Oracle iPlanet Web Proxy Server 4.0.14 Administration Guide

How Access Control Works

When the server receives a request for a page, it uses the rules in the ACL file to determine whether access should be granted. The rules can reference the host name or IP address of the computer sending the request. The rules can also reference users and groups stored in the LDAP directory.

The following example shows the possible contents of an ACL file, and provides examples of access control rules.

version 3.0;
# The following "es-internal" rules protect files such
# as icons and images related to iPlanet Web Proxy Server.
# These "es-internal" rules should not be modified.
  acl "es-internal";
  allow (read, list, execute,info) user = "anyone";
  deny (write, delete) user = "anyone";

# The following rules deny access to the directory "web"
# to everyone not in the directory server and deny everyone
# in the directory server who is not in GroupB.
# Only the users in GroupB are allowed read, execute, list,
# and info permissions. GroupA cannot gain access to the
# directory "web" even though (in the ACL rule below) they
# can access the directory “my_stuff”. Furthermore, members
# of GroupB cannot write or delete files.
  acl "path=/export/user/990628.1/docs/my_stuff/web/";
  authenticate (user,group) {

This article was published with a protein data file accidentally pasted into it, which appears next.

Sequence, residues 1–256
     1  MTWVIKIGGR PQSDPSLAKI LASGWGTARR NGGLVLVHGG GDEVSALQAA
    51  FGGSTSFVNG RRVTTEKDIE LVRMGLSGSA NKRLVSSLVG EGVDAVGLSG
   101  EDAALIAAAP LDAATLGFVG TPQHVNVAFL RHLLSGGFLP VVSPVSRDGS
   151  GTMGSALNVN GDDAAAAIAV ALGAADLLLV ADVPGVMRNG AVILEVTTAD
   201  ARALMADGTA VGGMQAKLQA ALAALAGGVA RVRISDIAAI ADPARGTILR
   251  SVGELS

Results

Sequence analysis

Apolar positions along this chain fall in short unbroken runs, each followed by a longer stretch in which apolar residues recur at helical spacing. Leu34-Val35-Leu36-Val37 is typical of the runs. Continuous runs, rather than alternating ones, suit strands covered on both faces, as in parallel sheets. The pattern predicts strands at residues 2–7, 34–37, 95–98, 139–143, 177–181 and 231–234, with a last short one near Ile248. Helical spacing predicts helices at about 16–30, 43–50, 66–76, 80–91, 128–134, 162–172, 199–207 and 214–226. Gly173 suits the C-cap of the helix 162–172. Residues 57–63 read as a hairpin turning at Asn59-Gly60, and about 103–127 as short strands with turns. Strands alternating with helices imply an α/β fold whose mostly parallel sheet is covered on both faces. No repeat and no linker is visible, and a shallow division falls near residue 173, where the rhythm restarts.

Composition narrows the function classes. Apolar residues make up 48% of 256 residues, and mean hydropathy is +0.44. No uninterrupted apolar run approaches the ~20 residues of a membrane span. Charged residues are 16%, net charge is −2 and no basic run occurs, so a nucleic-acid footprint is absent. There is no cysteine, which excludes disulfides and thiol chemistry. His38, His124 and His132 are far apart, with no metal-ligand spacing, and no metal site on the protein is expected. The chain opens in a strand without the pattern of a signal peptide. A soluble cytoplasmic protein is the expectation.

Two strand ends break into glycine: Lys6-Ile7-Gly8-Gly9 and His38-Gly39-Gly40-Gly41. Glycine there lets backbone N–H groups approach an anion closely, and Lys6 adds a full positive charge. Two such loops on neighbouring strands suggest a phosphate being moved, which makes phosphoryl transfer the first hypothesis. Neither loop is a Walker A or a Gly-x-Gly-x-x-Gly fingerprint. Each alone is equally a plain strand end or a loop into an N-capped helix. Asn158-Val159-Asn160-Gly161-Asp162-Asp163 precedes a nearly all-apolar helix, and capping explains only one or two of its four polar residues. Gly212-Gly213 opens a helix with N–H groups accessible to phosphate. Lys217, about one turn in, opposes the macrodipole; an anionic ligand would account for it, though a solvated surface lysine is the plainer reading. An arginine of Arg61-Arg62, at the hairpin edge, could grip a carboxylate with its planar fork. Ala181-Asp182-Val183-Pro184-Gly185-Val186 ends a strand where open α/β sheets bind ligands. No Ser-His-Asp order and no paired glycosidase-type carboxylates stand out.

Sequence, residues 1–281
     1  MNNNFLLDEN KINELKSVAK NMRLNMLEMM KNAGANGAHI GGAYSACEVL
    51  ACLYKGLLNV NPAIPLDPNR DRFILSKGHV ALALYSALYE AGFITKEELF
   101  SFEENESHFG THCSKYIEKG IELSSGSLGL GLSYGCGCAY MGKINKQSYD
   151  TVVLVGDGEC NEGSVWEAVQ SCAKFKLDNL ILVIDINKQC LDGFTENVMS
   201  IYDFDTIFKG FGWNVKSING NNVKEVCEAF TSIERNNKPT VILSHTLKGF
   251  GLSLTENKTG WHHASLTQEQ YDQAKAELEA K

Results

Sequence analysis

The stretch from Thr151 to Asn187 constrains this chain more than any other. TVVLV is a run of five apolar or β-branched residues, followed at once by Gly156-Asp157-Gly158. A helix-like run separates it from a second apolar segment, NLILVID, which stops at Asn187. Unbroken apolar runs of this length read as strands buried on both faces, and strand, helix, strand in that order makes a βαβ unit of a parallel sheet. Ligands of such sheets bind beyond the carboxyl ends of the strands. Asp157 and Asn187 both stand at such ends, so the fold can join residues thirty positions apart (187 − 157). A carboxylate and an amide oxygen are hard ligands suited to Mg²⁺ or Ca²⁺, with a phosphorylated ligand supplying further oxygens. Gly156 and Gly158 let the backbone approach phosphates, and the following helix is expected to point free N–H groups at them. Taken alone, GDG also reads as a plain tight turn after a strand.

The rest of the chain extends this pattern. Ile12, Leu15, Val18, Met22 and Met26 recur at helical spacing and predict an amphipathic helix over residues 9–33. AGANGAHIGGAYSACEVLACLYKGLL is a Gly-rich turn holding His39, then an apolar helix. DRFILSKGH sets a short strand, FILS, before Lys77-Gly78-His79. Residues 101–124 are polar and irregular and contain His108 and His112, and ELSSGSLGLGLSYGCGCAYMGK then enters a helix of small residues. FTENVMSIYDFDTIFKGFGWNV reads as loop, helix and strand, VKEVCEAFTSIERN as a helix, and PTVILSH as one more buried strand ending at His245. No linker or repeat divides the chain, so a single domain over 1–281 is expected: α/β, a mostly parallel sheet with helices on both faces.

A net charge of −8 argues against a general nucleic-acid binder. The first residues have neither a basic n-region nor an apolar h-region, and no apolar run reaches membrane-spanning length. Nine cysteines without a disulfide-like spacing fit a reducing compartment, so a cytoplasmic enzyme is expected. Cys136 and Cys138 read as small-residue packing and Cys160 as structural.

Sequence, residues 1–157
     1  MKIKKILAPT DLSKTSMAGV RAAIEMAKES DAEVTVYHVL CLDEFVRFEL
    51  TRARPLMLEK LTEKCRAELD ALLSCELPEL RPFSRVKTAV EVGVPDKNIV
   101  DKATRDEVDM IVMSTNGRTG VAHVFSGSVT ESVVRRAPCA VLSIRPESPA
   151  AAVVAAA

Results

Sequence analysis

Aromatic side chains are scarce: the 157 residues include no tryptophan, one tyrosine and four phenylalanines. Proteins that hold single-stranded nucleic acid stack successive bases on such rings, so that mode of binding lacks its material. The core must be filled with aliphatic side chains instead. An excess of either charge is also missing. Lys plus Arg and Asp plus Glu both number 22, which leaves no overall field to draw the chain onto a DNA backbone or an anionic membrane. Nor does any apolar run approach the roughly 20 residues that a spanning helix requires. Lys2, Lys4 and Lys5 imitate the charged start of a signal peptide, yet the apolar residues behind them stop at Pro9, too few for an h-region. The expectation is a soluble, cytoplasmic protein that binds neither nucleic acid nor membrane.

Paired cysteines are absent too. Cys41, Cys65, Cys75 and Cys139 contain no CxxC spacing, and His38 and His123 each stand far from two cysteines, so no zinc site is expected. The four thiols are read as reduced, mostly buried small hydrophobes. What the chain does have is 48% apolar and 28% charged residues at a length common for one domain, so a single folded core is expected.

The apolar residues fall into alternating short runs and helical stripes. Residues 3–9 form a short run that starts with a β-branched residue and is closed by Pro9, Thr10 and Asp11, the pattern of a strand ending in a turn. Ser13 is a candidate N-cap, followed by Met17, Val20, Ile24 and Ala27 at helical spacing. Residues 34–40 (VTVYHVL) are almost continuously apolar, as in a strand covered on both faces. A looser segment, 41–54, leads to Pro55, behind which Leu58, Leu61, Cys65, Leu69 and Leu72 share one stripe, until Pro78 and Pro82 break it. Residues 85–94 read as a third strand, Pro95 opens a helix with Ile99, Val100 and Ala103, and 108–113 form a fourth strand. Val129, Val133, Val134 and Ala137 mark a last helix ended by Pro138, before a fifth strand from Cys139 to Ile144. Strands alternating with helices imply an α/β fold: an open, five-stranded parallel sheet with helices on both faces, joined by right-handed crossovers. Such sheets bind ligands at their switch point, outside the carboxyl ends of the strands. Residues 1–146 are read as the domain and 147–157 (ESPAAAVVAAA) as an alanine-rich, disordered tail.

database = "default";
     method = "basic";
  deny (all)
  (user = "anyone");

  allow (read,execute,list,info)
  (group = "GroupB");

# The following rule denies everyone not in the directory
# server and denies everyone in the directory server except
# users with the ID of "SpecificMemberOfGroupB". The ACL rule
# in this setting also has a requirement that the user
# connect from a specific IP address. The IP address setting
# in the rule is optional, and has been added for extra
# security. Also, this ACL rule has a Customized prompt
# of "Presentation Owner". This Customized prompt appears
# in the username and password dialog box in the client’s
# browser.

  acl "path=/export/user/990628.1/docs/my_stuff/web/presentation.html";
  authenticate (user,group) {
     database = "default";
     method = "basic";
     prompt = "Presentation Owner";
  deny (all)
  (user = "anyone" or group = "my_group");
  allow (all)
  (user = "SpecificMemberOfGroupB") and
  (ip = "");

# The following ACL rule denies everyone not in the directory
# server and everyone in the directory server except for
# GroupA and GroupB access to the directory “my_stuff”
  acl "path=/export/user/990628.1/docs/my_stuff/";
  authenticate (user,group) {
     database = "default";
     method = "basic";
  deny (all)
  (user = "anyone");
  allow (read,execute,list,info)
  (group = "GroupA,GroupB");


For example, if a user requests the URL http://server_name/my_stuff/web/presentation.html, the Proxy Server first checks access control for the entire server. If the ACL for the entire server is set to continue, the server checks for an ACL for the directory my_stuff. If an ACL exists, the server checks the ACEs within the ACL, and then moves on to the next directory. This process continues until an ACL is found that denies access, or until the final ACL for the requested URL, in this case, the file presentation.html is reached.

To set up access control for this example using the Server Manager, you could create an ACL for the file only, or create an ACL for each resource leading to the file, that is, one for the entire server, one for the my_stuff directory, one for the my_stuff/web directory, and one for the file.

If more than one ACL matches, the server uses the last ACL statement that has a match.